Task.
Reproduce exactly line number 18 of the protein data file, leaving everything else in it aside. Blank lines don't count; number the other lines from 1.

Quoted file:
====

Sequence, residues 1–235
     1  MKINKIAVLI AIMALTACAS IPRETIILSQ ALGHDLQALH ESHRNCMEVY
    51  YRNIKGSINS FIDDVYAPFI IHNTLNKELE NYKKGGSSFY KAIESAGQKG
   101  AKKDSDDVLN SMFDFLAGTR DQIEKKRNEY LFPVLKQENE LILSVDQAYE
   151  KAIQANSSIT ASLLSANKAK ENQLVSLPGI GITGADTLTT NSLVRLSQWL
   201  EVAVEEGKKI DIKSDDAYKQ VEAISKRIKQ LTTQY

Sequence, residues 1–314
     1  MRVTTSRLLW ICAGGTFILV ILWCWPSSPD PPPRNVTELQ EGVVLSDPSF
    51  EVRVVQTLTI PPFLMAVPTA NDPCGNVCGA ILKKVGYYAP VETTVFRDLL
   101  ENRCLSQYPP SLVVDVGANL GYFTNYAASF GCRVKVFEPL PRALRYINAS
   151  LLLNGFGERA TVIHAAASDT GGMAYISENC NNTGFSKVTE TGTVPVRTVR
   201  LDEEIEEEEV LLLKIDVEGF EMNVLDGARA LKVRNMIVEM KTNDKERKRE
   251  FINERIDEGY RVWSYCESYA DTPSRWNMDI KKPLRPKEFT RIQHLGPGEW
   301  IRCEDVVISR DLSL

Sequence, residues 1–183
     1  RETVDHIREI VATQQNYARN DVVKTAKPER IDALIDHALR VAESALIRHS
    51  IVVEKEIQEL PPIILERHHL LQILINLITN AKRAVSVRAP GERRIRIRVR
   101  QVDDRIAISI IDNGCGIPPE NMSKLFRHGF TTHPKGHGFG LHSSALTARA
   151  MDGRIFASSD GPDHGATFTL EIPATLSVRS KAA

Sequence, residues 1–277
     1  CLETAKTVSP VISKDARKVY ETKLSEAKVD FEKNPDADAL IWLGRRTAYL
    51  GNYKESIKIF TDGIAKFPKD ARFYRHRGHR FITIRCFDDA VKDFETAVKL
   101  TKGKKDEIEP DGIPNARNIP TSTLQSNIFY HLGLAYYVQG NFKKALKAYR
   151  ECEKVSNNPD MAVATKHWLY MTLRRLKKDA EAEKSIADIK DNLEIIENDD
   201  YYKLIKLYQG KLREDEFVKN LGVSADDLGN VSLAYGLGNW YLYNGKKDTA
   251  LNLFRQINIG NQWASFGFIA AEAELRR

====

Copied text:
   101  QVDDRIAISI IDNGCGIPPE NMSKLFRHGF TTHPKGHGFG LHSSALTARA